Last week Smart Growth Americaannounced recipients of the organization’s 2015 free technical assistance program. Franklin is one of 14 communities that has been selected from over 120 applications to receive the technical assistance from SGA.
“This award is a testament to the hard work Franklin has already done,” said Roger Millar, Vice President of Smart Growth America’s Leadership Institute. “Our program was more competitive this year than ever before, and Franklin stood out as a community doing great work. We’re excited to be able to help City staff continue on to the next stage of this work.”
Over a one or two-day workshop, Franklin and the other selected communitites will develop a better understanding of quality growth and development and the technical aspects involved in building a smart growth strategy and implementation. According to the Franklin press release, Franklin will receive hands-on assistance from national experts on Smart Growth Principles. The City of Franklin will use the technical assistance and expertise to advance their successful economic and community redevelopment efforts.
East Tennessee was also well represented with the City of Knoxville and the Knoxville Regional Transportation Organization (TPO) each being selected for the program. According to the Knoxville press release, Knoxville will use their workshop to strategically think through options for pursuing transit-oriented development. The Knoxville TPO and the PlanET region will use their workshop to provide technical assistance on small town zoning updates that support smart growth development outcomes.
Previous participants in this program include Chattanooga (2013) and Memphis (2014). With a large baby boomer population, Chattanooga chose to focus technical assistance on creating great places and supportive neighborhood design for people wanting to age in place. Click here for more information on Chattanooga’s use of smart growth assistance. In order to help implement a new Complete Streets policy passed by the City in 2013, Memphis focused workshops on providing the City with tools to communicate and address design elements of the new Complete Streets policy. Click here for more information on Memphis’ use of Smart Growth technical assistance.
Funding for this program is made available to SGA through a grant from the U.S. Environmental Protection Agency’s Office of Sustainable Communities under their Building Blocks for Sustainable Communities program. The Building Blocks program provides quick, targeted assistance to communities facing common development programs. Through the program, SGA has already provided free technical assistance to over 50 communities across the United States. Click here to see a complete list of communities and view presentations and reports from previous workshops.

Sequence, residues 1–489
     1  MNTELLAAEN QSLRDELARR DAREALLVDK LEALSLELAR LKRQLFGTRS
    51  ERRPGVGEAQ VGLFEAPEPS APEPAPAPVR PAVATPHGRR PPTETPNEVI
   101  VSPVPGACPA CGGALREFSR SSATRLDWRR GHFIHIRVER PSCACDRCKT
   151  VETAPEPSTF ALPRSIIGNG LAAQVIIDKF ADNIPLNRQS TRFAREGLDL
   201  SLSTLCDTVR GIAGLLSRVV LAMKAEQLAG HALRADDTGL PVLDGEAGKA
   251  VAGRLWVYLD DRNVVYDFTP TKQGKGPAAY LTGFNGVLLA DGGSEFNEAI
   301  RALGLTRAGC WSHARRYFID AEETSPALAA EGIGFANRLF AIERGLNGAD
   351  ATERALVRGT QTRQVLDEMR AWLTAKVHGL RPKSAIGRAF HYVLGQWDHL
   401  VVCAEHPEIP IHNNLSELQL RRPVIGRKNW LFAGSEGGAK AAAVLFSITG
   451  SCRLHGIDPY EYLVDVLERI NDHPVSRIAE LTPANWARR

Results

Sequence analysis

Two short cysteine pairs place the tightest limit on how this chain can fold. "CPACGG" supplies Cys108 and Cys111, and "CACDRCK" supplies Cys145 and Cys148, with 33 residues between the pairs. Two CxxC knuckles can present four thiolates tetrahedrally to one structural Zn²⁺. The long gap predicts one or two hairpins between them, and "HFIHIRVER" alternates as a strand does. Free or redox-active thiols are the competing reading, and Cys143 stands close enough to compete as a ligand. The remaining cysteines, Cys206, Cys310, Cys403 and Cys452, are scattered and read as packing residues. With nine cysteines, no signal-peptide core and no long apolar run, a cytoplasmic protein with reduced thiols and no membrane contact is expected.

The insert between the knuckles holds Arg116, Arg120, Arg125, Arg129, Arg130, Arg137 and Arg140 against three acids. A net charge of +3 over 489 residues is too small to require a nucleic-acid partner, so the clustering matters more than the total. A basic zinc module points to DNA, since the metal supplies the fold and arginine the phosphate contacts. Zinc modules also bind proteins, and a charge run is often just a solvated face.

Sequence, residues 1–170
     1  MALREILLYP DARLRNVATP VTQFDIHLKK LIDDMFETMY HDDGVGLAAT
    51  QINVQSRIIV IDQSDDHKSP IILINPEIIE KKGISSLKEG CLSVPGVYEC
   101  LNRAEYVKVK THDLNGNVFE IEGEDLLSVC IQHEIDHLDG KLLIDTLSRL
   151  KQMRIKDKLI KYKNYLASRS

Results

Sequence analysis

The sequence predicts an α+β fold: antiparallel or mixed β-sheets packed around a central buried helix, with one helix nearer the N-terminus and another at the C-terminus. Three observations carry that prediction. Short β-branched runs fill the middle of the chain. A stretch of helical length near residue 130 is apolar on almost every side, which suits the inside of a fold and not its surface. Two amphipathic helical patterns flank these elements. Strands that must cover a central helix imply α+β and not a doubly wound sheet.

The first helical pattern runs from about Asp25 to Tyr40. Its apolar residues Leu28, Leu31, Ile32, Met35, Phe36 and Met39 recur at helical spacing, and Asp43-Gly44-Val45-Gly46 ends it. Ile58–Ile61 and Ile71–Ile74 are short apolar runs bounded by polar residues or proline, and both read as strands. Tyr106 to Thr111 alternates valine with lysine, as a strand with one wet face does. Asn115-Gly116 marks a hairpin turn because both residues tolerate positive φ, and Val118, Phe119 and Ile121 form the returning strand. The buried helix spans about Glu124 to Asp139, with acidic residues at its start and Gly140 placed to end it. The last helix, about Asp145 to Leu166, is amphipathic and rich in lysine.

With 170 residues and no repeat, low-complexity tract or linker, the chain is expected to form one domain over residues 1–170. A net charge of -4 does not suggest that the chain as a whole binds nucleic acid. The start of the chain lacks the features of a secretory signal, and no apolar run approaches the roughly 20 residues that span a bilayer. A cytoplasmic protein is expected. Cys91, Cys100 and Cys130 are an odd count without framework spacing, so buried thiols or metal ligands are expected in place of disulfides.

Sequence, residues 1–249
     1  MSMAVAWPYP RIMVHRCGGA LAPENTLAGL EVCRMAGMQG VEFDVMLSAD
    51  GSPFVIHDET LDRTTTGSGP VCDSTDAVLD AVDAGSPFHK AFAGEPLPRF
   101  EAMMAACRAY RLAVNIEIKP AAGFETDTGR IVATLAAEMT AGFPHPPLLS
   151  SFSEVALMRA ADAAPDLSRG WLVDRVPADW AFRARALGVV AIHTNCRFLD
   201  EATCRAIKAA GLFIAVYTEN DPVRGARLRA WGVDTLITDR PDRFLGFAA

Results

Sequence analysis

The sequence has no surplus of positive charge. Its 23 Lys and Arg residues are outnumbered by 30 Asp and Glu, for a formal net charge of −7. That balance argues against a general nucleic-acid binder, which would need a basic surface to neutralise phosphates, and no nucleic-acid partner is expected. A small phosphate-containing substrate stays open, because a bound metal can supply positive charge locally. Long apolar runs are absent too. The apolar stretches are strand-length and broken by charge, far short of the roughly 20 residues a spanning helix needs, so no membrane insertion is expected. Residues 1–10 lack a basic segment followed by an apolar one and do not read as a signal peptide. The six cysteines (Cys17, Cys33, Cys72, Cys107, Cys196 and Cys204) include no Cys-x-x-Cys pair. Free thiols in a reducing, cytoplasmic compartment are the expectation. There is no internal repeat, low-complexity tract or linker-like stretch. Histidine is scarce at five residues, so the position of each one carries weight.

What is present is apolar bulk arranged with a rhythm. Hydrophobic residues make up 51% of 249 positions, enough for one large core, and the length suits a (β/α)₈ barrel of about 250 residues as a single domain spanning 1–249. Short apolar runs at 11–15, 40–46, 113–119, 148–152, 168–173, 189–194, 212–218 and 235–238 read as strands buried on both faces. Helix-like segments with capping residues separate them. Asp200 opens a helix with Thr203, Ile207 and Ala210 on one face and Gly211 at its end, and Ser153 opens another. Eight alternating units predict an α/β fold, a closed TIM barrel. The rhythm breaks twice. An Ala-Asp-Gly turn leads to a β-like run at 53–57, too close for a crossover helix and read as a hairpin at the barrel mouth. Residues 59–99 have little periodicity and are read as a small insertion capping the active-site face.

CRT will continue to send updates on this and other national technical assistance opportunities for communties in our region. Stay tuned for an upcoming announcement on a national rural economic development workshop for Cheatham County that CRT will be a part of.
With growing interest in denser development and infill projects, it is important to discuss and address the potential impact the design of these projects have on communities. Contextual building design respects the values and history of a community while complementing and progressing the neighborhood. Buildings and developments that fail to recognize and respect the character of a neighborhood or community are often generic, out-of-place, and ultimately forgettable.
In a recent post for the company’s newsletter, Gresham, Smith and Partners Senior Architect Joe Bucher discussed the importance of not only following good urban design principles, but also designing buildings to fit the character of an urban environment. Bucher, in accordance with many thought leaders on this topic, believes urban infill projects should not only follow basic urban design principles, such as building to the street and focusing on pedestrian oriented design, but also strive to fit the character of a neighborhood and city.
CRT is proud to recognize several communities across our 10 county Middle Tennessee Region that have already made successful efforts to encourage infill development that includes contextual designs matching the character of their communities. Franklin and Clarksville are among leaders in our region when it comes to promoting infill development and contextual building design in their downtowns and neighborhoods. Following tornado destruction, Clarksville leaders focused on architectural design that matched their downtown’s character in the rebuilding of their churches and civic structures. Franklin leaders are also maximizing infill redevelopment along their Columbia Avenue corridor through building sitings and architectural design.
We would like to thank GS&P for their continued partnership and support of CRT as well as their efforts as one of the region’s leading design firms. Please see below for the full article discussing contextual building design and its role in infill development projects.
We’ve all seen them: buildings that stand out – in a bad way. Developers can follow every best practice out there, but if an urban building isn’t grounded in the region’s character, it will end up feeling generic and out-of-place. The increasing popularity of urban infill is creating great opportunities to improve how cities look and feel, but it also comes with its own set of challenges. To do urban infill the right way, it’s essential to slow down and pay proper attention to the context of an urban environment.